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Bowis v. Bowis

Court of Appeals of Maryland
Jul 10, 1970
259 Md. 41 (Md. 1970)


In Bowis, the late Judge Finan writing for the Court observed that in three cases "one may gather... that this Court followed an approximate one-third rule of net income in awarding alimony where support for children was not involved."

Summary of this case from Birdsall v. Birdsall


[No. 415, September Term, 1969.]

Decided July 10, 1970.

ALIMONY — There Are No Pat Rules Or Statutory Mandates To Be Followed In Making Awards For Alimony And For Support And Maintenance And The Remedy Must Be Tailored To The Facts Of Each Particular Case. p. 43

ALIMONY — In Determining An Award Of Alimony, The Court Should Consider Husband's Wealth And Earning Capacity, The Station In Life Of The Parties, Age, Physical Condition, The Ability To Work, The Length Of Time The Parties Have Lived Together, The Circumstances Leading Up To The Divorce And The Fault Which Destroyed The Home, Together With The Assets And Income Of The Wife. In the instant case, an award of $450 per month for support and maintenance of wife and three minor children held justified. pp. 43-44

DIVORCE — Decree Awarding Wife Full Value Of Jointly Held Stock Account And Cash Reimbursement For Expenditures Therefrom Was Proper Where Securities Representing The Account Were Property Of Wife, There Had Been No Intent By Wife To Make Gift Thereof To Husband, And Husband Contributed Nothing Towards Purchase Of Securities. pp. 45-46

DIVORCE — Award Of Counsel Fee Of $1500 To Wife's Attorney Was Excessive In View Of Limited Resources Of Husband. pp. 46-47


Appeal from the Circuit Court for Montgomery County (SHEARIN, J.).

Bill by Barbara G. Bowis against Richard A. Bowis, seeking divorce a vinculo matrimonii, alimony, custody, child support and counsel fees. From the portions of the decree relating to alimony, child support, division of personal property, and counsel fees, defendant appeals.

Decree modified and, as modified, affirmed; appellant to pay costs.

The cause was argued before HAMMOND, C.J., and BARNES, McWILLIAMS, FINAN, SINGLEY, SMITH and DIGGES, JJ.

Stanley R. Jacobs for appellant.

Stanley B. Frosh for appellee.

The chancellor granted the wife, appellee, a divorce a vinculo matrimonii on the grounds of adultery. Although the husband, appellant, denied the charges in his answer, he offered no defense at the hearing. The chancellor also awarded the wife custody of the three minor children, a daughter aged 12 and two sons aged 9 and 8 respectively. The wife was awarded alimony of $150 per month and $300 per month for the support and maintenance of the children. The appellant was also required to return to the wife the full value of securities (approximately $7500) which had been a gift to the wife from her family, plus the sum of $475, as reimbursement for certain expenditures made out of the brokerage account of which the securities were a part. The wife was also allowed counsel fees in the amount of $1500. The husband appeals, contending that the awards for alimony, child support and counsel fees are excessive and that the chancellor erred in awarding the wife the full value of the jointly held stock account and the cash reimbursement for expenditures from the stock account. We affirm the decree of the chancellor, save for the award of counsel fee which we believe should be reduced to $750.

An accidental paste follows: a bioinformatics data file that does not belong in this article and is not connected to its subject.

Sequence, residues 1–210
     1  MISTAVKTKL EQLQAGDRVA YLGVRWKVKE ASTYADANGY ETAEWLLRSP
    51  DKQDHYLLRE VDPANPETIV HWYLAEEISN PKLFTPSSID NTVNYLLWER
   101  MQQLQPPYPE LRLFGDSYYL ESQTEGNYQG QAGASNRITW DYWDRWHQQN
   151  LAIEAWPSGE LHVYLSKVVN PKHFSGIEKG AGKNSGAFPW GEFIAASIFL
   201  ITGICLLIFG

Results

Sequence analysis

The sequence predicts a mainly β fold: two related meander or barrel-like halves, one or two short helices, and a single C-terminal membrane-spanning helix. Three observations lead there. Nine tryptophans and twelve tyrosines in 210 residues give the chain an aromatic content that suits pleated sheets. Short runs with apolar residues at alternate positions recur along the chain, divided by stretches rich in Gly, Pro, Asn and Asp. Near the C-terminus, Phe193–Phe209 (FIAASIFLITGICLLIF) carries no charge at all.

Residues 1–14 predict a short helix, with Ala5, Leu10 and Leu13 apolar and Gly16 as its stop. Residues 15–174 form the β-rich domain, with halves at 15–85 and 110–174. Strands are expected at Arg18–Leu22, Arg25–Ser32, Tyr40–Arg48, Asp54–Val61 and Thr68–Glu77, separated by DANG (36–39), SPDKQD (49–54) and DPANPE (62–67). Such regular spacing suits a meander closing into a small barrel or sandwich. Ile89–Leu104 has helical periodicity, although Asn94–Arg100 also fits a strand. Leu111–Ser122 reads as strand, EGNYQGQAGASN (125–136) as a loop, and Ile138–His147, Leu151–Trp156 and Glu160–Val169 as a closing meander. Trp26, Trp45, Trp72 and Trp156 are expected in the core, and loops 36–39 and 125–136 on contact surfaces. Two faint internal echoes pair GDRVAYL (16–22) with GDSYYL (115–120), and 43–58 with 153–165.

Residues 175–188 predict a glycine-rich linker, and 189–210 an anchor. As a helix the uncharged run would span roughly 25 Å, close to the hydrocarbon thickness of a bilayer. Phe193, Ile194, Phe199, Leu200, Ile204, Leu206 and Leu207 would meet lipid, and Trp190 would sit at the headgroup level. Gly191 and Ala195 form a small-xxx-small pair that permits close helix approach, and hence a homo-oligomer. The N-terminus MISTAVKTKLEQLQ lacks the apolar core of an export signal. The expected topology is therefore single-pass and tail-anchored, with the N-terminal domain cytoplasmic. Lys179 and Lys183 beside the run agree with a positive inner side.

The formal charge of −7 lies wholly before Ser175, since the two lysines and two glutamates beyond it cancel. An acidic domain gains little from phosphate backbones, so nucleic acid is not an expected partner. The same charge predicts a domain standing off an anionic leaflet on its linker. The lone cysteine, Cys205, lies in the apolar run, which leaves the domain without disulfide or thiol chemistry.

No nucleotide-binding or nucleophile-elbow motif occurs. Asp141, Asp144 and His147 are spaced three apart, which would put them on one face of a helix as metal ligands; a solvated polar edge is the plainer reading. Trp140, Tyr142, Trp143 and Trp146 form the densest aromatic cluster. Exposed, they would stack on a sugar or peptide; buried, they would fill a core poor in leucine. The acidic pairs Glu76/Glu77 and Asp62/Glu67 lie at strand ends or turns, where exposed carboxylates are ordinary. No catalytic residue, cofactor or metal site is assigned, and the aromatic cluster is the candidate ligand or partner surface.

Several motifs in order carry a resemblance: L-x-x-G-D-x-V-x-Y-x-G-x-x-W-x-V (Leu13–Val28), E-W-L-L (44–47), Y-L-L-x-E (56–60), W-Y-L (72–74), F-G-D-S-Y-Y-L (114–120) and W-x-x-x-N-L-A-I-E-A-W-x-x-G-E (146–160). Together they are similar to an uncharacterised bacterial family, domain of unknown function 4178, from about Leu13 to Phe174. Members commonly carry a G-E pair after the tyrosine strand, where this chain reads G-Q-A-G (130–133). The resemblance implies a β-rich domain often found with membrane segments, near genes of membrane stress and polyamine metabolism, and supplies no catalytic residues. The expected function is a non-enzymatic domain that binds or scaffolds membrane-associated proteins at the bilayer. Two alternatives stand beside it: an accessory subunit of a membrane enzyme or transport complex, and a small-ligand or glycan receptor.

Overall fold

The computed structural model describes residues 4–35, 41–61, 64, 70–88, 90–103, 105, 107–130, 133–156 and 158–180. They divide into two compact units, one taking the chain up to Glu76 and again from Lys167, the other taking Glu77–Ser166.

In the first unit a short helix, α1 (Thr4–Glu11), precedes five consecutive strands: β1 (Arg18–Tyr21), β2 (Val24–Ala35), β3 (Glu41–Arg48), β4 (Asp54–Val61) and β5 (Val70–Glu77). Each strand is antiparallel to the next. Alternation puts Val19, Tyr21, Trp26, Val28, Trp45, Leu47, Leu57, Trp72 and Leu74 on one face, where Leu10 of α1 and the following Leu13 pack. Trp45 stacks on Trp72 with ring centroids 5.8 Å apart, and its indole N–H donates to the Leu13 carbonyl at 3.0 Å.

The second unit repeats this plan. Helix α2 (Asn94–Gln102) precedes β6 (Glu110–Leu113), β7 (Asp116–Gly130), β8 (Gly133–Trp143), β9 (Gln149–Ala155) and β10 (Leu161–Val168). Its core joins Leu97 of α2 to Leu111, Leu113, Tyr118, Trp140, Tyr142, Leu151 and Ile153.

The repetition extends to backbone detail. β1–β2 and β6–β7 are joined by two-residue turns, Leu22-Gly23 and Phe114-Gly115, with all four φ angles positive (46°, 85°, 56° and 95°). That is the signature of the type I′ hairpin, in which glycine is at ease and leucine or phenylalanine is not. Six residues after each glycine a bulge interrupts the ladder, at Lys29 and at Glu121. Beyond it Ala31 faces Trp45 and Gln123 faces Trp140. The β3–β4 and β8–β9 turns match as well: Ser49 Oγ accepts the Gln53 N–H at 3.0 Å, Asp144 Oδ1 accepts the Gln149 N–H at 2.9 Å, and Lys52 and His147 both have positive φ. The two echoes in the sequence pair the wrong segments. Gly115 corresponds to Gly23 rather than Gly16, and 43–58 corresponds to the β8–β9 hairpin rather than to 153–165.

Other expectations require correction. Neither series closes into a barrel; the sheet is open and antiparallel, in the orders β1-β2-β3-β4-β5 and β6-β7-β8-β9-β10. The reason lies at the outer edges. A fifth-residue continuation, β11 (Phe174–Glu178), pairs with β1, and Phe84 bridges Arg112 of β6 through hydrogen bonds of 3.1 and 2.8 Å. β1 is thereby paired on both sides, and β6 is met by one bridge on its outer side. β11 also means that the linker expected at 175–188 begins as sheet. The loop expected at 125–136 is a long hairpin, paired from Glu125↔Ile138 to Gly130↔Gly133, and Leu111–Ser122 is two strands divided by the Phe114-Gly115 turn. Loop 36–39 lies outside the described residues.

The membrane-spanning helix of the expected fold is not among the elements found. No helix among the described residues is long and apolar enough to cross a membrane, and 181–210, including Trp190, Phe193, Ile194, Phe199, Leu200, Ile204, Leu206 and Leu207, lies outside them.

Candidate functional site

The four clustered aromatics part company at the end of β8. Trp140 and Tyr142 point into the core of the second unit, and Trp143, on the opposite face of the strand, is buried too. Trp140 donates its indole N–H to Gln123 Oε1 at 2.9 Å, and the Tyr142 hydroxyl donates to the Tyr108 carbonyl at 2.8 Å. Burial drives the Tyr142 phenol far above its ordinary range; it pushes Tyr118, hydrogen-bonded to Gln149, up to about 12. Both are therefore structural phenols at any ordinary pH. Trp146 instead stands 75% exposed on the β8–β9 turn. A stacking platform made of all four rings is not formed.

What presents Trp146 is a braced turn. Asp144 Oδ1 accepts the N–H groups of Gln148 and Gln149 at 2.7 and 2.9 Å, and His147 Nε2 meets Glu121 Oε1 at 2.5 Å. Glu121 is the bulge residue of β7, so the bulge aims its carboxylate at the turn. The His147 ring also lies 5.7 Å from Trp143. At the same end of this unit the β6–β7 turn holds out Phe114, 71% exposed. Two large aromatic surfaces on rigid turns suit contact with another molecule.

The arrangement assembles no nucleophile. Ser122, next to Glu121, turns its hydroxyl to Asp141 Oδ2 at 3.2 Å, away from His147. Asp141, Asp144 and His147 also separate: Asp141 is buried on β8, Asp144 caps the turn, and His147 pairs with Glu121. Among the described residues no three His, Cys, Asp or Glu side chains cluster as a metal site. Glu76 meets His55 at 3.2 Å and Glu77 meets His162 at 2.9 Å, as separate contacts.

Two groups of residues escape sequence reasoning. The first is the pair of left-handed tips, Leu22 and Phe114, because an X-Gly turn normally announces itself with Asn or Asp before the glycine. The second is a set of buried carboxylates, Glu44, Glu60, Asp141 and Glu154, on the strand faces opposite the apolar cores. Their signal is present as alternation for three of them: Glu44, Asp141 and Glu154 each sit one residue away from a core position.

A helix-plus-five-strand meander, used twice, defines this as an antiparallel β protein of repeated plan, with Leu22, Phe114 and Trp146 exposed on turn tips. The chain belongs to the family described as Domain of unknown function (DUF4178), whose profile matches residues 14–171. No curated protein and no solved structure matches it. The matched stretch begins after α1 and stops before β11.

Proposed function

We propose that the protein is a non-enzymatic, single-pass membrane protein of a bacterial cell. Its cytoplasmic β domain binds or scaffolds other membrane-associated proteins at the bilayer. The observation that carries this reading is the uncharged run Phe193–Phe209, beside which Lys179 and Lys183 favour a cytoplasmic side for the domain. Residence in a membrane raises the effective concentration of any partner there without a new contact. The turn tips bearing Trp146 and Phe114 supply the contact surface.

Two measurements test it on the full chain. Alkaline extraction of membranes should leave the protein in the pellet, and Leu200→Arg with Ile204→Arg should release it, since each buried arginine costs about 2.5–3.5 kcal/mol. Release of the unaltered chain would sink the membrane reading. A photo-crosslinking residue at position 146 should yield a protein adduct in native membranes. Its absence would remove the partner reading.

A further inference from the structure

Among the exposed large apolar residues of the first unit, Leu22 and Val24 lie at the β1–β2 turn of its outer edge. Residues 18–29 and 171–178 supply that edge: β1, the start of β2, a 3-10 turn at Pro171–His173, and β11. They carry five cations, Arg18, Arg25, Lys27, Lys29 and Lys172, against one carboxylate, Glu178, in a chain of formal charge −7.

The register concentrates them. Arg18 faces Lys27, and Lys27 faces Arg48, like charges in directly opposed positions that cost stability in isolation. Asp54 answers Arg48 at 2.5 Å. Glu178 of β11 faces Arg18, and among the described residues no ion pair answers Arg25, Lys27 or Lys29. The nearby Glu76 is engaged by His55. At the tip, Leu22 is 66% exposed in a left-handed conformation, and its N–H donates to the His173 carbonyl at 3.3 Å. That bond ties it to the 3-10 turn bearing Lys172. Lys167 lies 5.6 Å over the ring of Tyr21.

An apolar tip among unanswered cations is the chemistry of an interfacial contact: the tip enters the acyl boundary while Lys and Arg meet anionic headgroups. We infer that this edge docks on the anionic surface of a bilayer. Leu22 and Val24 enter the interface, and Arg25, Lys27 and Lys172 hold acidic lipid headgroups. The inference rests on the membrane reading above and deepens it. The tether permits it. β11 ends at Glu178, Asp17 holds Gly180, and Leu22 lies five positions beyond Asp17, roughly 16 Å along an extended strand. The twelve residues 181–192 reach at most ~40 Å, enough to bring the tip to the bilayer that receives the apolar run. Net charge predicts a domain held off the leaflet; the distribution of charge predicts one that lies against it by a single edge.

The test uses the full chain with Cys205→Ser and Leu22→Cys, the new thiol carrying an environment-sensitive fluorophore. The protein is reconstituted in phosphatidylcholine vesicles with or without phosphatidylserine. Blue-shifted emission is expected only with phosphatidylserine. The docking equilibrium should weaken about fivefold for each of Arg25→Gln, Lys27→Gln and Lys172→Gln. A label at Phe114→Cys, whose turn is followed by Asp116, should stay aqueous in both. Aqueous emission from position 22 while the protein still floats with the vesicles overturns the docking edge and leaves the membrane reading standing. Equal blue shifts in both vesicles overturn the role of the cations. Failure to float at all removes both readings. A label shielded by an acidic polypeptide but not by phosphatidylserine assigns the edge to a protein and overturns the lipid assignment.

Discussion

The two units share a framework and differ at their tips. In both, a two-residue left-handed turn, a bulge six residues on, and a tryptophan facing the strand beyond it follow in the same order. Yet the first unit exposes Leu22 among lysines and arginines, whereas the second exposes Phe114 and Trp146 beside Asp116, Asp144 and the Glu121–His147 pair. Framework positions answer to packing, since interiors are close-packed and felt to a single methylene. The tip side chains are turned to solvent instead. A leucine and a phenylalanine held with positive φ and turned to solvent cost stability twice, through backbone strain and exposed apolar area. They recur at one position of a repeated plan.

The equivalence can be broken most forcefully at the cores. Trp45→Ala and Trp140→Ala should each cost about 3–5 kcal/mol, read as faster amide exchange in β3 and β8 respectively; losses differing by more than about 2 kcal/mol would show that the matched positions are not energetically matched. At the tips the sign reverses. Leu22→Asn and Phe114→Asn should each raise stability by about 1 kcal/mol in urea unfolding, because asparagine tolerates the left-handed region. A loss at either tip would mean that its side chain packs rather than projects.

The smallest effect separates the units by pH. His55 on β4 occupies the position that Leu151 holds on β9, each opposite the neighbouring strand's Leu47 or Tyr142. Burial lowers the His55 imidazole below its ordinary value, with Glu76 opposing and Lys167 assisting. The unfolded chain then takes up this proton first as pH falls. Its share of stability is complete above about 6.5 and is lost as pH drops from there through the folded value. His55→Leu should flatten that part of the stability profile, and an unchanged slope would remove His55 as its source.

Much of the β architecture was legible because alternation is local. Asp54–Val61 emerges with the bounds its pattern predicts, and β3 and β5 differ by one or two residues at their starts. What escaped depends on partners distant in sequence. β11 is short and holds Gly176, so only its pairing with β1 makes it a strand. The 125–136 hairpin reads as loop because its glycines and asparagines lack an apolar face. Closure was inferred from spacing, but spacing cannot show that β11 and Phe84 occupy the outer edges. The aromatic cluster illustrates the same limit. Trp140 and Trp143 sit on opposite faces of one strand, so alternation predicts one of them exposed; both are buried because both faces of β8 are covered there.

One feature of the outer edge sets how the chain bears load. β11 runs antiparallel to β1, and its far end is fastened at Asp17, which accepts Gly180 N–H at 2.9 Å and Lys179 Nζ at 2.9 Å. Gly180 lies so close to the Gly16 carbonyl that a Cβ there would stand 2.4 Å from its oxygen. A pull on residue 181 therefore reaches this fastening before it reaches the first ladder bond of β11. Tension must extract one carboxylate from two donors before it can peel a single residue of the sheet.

The record reveals that the wife had part time employment, earning approximately $2000 per year. The husband's earnings as a stock broker fluctuated; however his gross earnings for the first six months of 1969 amounted to $5800 and the court below construed this as supporting evidence for an annual gross income of $11,600.

The chancellor further made a finding of fact that the husband had been contributing on an average of $800 per month as support and maintenance for the wife and family since October, 1968, and that the needs of the wife and children, consistent with the standard of living formerly enjoyed by the parties prior to the husband's leaving, are in excess of $900 per month. This is obviously beyond the present monthly gross earnings of the husband. It would also appear that for some time the family had been living beyond the financial means of the husband. However, on the basis of the standard of living to which the family had become accustomed and the current income of the husband, we cannot quarrel with the chancellor's determination that the wife and the children should receive $450 per month in alimony and support.

Various formulae have been recommended as guidelines for computing that portion of a husband's net income which should be awarded to the wife for alimony and as support and maintenance for children, such as those found in The Section of Family Law of the American Bar Association, 1964-65 Session, pgs. 76-86. Likewise, one may gather from reading Schuman v. Schuman, 252 Md. 13, 17, 248 A.2d 876 (1969); Hall v. Hall, 238 Md. 191, 197, 208 A.2d 593 (1965); and Bradshaw v. Bradshaw, 189 Md. 322, 326, 55 A.2d 719 (1947), that this Court followed an approximate one-third rule of net income in awarding alimony where support for children was not involved. However, this Court has repeatedly emphasized the fact that there are no pat rules or statutory mandates to be followed in making awards for alimony and support and maintenance. Indeed, one is hard-pressed to find any area of law where the need is more compelling to tailor the remedy to the facts of each particular case. This was well stated by Judge McWilliams in Burton v. Burton, 253 Md. 233, 252 A.2d 472 (1969):

"The reports of our decisions abound in shopworn expressions of the principles of law which are applicable here. What we said in Waters v. Waters, 191 Md. 436, 440-41 (1948), has been repeated and paraphrased in most of the cases which followed:[1] [See numerous Maryland decisions cited in footnote 1 pg. 236.]